No, no, no, no, I’m good. If you booed me for 18, 19 years, boo me for the 20th. That’s the game, man.
December 27, 2007:
Hey. eric eldon here from venturebeat. i’ve been enjoying your posts.
are you set on a solo blogging career, or would you consider writing for another blog. say, venturebeat?
Almost exactly six years ago, Eric Eldon changed my life. That may sound like hyperbole — it is not. That message, sent via Facebook, truly did alter the course of my life.
Today, Eric announced he is stepping down from his role atop TechCrunch to “try something pretty different.” And while I have nothing but respect for that decision, the tech press is a little worse for it — as are we all, as readers.
I’m busy :)
But yes, I try to write about once a week. Less than I’d like, but hard enough as it is.
There are comments on TechCrunch posts?! Since when?
When most people write books, they sit down with the goal of writing one. I cheated. Instead, I blogged non-stop for five years, writing about hundreds of different topics on various different sites and had someone edit a collection of those together into a book after the fact.
It’s actually rather genius.
Not necessarily the book, mind you — I’ll let you decide that — but the idea behind it. A startup called Hyperink is behind it and they approached me with the opportunity to repurpose and reinvigorate some of that past content I had made. They’ve previously done this with Foundry Group’s Brad Feld and had great success (he just released version 2 of his blog-to-book).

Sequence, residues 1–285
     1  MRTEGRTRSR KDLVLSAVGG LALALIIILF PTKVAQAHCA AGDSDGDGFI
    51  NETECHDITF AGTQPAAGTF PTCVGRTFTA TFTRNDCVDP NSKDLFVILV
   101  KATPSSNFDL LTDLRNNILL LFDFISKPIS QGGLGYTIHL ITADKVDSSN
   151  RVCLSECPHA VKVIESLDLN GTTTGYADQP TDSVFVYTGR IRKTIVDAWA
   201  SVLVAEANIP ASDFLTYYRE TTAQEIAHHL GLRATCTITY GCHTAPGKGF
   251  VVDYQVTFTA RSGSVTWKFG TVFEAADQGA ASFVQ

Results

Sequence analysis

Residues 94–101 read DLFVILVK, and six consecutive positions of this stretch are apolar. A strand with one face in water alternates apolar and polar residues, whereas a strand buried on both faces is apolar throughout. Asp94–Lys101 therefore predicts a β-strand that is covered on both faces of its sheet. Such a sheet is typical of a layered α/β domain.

One of the greatest strengths of blogging is also a weakness: content is very easy to get out there, but because of that, it’s also extremely ephemeral. Every blogger has dozens, if not hundreds, if not thousands of posts that they poured time into, but after a short shelf life, those posts are lost in the ether of the web — most never to be found again. Some of those are great posts. It doesn’t matter. On the Internet, fresh content is paramount.
Hyperink is trying to change this with Blog to Book series. Specifically, they’re looking over past posts to find the best ones (based on a number of factors — some subjective, some not) and putting them together in an eBook format. More will be coming from other bloggers in the future.
To be clear, all of this is previous published content that is available for free on the web. But the book is edited together together in a way that I actually think is pretty fun and seamless. I’ve also included some updated commentary on some of the topics. It’s 177 pages of pure joy and jackassery.
Perhaps most importantly, the price is fair. If you buy it on Amazon or Barnes & Noble, you’ll pay just $4.95. And for a limited time, you can buy it right through Hyperink for just $2.99. With that purchase, you can get the eBook for the Kindle, Nook, iPad, or just a PDF.
Enjoy. And thanks for reading.